2nd Movement: Suritis. The Remembering. "All our thoughts, impressions, Knowledge, fears have been developing for millions of years. What we can relate to is our own past, our own life, our own history. Here, it is especially Rick's keyboards which bring alive the ebb and flow and depth of our mind's eye: The Topographic Ocean. Hopefully we should appreciate that given points in time are not so significant as the nature of what is impressed on the mind, and how it is retained and used."* "The Remembering" is my personal favourite from "Tales from Topographic Oceans" and it is the most beautiful. The rolling, mystical atmospheres conjured by synthesizers are otherworldly and the vocals harmonies add to this feel. The opening line "As the silence of seasons on we relive abridge sails as to call light the soul shall sing of the velvet sailors course on" creates an image of a velvet sea in one's mind. "The Remembering" is really hard to define apart from being very mystical, the ending of the song is some of the best music I've ever heard and the guitar solo at the very end of the song is the icing on the cake. AMAZING!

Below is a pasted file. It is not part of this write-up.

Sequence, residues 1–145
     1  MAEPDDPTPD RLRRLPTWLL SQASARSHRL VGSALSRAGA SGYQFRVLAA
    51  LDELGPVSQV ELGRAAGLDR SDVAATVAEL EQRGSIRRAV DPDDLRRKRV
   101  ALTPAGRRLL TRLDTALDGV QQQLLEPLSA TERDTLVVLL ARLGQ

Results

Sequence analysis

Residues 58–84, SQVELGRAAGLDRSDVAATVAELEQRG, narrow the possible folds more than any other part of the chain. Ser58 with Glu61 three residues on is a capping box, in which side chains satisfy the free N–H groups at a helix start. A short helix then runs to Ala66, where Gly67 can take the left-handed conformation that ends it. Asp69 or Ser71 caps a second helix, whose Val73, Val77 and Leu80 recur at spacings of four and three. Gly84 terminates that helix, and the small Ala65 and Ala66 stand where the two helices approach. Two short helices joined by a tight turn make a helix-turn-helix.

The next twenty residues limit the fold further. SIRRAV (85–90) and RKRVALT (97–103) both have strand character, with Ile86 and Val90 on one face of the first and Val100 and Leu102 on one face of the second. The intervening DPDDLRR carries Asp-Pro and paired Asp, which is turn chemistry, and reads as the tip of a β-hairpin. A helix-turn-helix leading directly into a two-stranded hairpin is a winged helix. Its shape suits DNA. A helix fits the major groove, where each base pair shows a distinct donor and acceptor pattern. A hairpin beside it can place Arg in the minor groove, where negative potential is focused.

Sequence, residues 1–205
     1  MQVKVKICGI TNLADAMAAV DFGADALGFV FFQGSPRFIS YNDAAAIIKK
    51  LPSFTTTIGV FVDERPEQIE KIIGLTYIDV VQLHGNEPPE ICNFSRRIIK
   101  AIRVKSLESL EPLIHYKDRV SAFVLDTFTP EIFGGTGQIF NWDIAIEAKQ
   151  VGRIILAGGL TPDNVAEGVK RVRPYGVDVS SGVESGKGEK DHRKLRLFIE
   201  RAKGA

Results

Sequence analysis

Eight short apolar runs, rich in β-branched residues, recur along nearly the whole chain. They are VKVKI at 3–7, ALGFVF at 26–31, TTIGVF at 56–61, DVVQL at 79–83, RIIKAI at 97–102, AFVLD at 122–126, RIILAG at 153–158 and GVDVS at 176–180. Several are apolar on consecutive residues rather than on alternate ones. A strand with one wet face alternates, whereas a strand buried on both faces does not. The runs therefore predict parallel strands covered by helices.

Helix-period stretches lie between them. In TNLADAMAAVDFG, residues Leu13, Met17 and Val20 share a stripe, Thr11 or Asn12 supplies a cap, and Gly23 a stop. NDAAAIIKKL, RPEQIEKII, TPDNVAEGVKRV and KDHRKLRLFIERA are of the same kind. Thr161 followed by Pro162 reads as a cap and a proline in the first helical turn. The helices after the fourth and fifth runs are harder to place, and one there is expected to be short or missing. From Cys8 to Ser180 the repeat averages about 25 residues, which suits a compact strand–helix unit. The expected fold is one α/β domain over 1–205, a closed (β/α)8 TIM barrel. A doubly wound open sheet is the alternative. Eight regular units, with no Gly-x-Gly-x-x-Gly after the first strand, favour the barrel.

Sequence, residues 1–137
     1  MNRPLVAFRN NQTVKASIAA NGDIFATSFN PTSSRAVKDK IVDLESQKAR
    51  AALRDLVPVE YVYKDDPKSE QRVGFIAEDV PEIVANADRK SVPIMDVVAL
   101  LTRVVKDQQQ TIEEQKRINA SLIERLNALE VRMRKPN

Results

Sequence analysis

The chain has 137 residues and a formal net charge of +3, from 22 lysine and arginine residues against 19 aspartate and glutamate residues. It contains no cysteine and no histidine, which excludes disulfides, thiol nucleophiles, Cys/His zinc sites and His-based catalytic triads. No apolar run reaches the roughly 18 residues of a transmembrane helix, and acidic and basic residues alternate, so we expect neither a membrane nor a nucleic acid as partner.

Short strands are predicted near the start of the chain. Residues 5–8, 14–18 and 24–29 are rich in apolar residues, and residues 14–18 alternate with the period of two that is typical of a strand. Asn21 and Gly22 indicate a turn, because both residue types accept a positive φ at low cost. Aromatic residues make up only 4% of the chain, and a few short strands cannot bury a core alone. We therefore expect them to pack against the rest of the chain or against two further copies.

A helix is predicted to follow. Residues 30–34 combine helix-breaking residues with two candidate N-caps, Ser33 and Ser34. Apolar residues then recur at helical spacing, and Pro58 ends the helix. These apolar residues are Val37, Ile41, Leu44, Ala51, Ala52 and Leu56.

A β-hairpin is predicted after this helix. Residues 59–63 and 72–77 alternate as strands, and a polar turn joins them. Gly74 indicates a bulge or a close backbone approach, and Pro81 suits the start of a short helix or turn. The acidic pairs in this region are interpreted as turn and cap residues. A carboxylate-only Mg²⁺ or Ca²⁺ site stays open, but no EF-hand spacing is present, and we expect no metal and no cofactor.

3rd Movement Puranas. "The Ancient probes still further into the past beyond the point of remembering. Here Steve's guitar is pivotal in sharpening reflection on the beauties and treasures of lost civilisations. Indian, Chinese, Central American, Atlantean. These other peoples left immense treasures of knowledge."* "The Ancient" gets a bad rap from most people, even some fans of "Tales" dislike it. "The Ancient" is another epic masterpiece to me and the opening is certainly something different. Again, the opening line is fantastic. The last 6 minutes of The song displays some of the best Steve Howe guitar work ever. He plays an acoustic guitar which is backed by vocals from Jon Anderson and Chris Squire who sing in harmony. The vocals are great in this section and over time one comes to enjoy this part of the album a great deal. The closing to the song leaves it almost unfinished, a minor point though compared to the grandeur of the rest of the song. Steve Howe is pivotal in this song and his guitar work here is a highlight of the album.